Tuesday, November 20, 2012

The spirit of Independence

       If you read my previous blog about the 1982 Independence Bowl football game, you might think I was an Independence Bowl basher.
      That would be a mistake. I think the Independence Bowl -- which will be played for the 37th time this year -- is one of the most unsung, and disrespected, bowl games in college football.
original I-Bowl logo
(from Wikipedia)
       Yes, there are far too many bowl games these days. I don't know where I'd begin cutting, but the NCAA shouldn't cut out Shreveport.
        Maybe Shreveport-Bossier has never been the sports area it desires to be, never supported much well or for long. But the Independence Bowl is something is has done well for a long time.
        And while I haven't lived in North Louisiana for almost 24 years, I'm proud to have grown up in that area and proud of the job the Independence Bowl has done.
        And I don't like it being criticized or made fun of nationally. That happens far too often. I don't think it's fair.
        Sure, when it was the Poulan Weedeater Independence Bowl, it was easy for the national media to poke fun at the name. But bless the Poulan company for putting up sponsorship money for a number of years to help the bowl keep going.
         Sure, it was easy for the national media to regard the Independence Bowl -- and the trip to Shreveport -- as second-rate. But I guarantee you that the teams playing in the game, almost without except, were grateful to be playing another game.
         A look at the schools that have played in the game is a pretty strong list. Start with the SEC -- 10 of the current 14 members have been in the game. Let's just take mighty Alabama as an example. Three times in a seven-year period (2001-07), the Crimson Tide was in the Independence Bowl, the last time in Nick Saban's first season as coach there.
         Think he wasn't happy to take a 6-6 team to face Colorado? It gave his team an extra game and three weeks extra practice time. The next year the Tide was unbeaten until the SEC Championship Game and the Sugar Bowl with many of the players who would win the national championship the following year.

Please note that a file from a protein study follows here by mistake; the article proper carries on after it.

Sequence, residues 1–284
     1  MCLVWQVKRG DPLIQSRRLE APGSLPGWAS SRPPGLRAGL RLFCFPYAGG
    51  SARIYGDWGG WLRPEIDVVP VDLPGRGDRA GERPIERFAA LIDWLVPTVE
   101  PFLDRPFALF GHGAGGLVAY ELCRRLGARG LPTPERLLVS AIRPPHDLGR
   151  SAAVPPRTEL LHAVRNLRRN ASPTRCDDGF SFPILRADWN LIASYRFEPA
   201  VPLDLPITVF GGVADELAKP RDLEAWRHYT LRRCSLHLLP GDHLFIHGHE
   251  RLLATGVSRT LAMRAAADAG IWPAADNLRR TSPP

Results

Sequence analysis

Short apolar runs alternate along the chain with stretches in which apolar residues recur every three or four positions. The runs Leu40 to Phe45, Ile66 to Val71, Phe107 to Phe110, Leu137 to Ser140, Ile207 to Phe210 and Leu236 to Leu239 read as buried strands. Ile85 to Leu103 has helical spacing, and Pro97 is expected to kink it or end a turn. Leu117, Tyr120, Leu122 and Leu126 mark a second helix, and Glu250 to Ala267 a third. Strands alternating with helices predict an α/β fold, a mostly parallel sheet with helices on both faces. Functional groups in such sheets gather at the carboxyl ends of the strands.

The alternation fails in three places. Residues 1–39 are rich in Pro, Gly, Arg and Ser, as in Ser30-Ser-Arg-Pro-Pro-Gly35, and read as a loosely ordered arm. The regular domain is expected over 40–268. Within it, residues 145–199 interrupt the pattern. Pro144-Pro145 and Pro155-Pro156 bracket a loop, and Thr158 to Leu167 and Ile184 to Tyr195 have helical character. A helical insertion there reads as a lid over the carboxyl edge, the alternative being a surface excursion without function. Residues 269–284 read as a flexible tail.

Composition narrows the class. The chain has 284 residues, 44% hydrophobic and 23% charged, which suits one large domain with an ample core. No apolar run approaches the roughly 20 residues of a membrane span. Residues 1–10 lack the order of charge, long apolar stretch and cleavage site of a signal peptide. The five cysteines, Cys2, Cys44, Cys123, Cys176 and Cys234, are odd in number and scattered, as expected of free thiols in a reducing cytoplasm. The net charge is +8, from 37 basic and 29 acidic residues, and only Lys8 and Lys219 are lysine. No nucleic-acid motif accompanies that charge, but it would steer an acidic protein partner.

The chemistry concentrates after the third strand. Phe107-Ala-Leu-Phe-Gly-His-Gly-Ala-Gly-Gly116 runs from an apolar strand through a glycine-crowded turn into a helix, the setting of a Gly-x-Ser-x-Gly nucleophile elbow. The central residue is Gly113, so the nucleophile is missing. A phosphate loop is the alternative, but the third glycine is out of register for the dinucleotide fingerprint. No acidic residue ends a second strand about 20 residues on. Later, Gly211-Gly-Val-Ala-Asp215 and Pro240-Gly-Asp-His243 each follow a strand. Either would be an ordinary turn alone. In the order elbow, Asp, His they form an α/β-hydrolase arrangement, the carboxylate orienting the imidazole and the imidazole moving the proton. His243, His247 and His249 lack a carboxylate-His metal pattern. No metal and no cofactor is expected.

Of course, Saban had been to the Independence Bowl before -- in 1995, with Michigan State against ... LSU. Think the I-Bowl people weren't happy to have LSU?
         Think they weren't even happier to have LSU vs. Notre Dame two years later? That brought in a (still) record attendance of 50,459.
         Yes, the I-Bowl is more than what LSU aspires to now, but in 1995 and '97, under Gerry DiNardo, it helped the Tigers during some dark days.
         In the early years, the Independence Bowl often had to settle for some less-than-desirable matchups. But it found some schools with programs that wanted to be in a bowl game and were willing to buy enough tickets to help support the bowl's effort to make the NCAA minimum payoff requirements.
         And the I-Bowl has never failed to do that. The minimum payout has gone from $50,000 in 1976 -- when the Southland Conference helped establish the bowl to give its champion a place to play -- to $2,300,000 in 2010 and 2011.
         Here's what else goes unsaid and disregarded by the national media: The athletic staffs, players and fans of the participating teams are usually shown a great time by the bowl committee -- good food, hospitality, gifts, interesting visits to local attractions (Shreveport-Bossier has some). Maybe other bowls have more to offer, but the I-Bowl doesn't have to apologize for anything.